Yesterday, on Birthday Eve.
And with a few of her siblings, also on Birthday Eve. To give you a little window into Every Day Life Around Here.
Today, on her birthday.
“Did you have a good day?”
“Can I take your photo?”
“Um. I have to do a little homework first.”
“Homework on your birthday? You shouldn’t have to do homework on your birthday.”
[Ignores mother. Opens computer.]
Kevin, last night: “Wow, your last day as a twelve-year-old. It’s hard to believe you’re going to be a teenager tomorrow.”
“Dad, I’m turning twelve tomorrow.”
I’m remembering it was a cold and snowy day on which she arrived, eleven or twelve or thirteen years ago, give or take; whatever, we’re getting old. We were younger then. For a few months after she was born I took to wearing my hair in pigtails. In photos I look like a baby holding a baby (I wasn’t, quite), with another baby standing bewildered nearby (her brother was a mere 17 months older).
One more memory: on the day of her birth, I’d received the contract for my first book, Hair Hat, and my agent had called to go over it in detail. Mid-conversation, I broke in to say, apologetically, “I think I’m actually in labour, can I call you back … um … maybe tomorrow …?” Honestly, why had I answered the phone during active labour? It was my first book contract. It seemed awfully important. This would be my first daughter. But labour seemed so normal at the time. It was what I’d been expecting, after all, it was the natural arc of the story. After she was born, it seemed like those sleepy, snowed-in, baby days would never cease, somehow. After she was born, there was a forever sensation to the passage of time. I wanted so badly to have time to write, and my hands were full, literally. I wasn’t resentful, but my hands were full.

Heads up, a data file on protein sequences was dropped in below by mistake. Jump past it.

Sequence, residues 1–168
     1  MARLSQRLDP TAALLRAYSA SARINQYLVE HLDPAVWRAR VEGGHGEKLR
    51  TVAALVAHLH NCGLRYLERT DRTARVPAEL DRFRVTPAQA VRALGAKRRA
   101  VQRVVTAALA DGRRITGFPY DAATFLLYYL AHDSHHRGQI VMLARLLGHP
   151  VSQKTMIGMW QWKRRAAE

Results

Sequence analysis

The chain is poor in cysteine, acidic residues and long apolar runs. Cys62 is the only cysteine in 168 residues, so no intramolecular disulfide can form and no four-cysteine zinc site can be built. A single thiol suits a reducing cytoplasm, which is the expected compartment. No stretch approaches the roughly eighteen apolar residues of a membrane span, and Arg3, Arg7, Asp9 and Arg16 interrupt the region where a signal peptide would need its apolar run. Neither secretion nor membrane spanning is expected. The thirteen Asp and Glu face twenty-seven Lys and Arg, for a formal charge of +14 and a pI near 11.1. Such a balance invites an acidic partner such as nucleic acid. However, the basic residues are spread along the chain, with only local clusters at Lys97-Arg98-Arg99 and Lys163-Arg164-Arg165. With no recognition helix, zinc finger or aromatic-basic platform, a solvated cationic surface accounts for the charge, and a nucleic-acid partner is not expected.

Anyway. The good old days. Nostalgia. Etc.
It’s another cold and snowy day today, and the youngest two are fighting in the living-room. It sounds like soccer versus musical instruments, literally.
Signing off. Next up: Birthday celebration.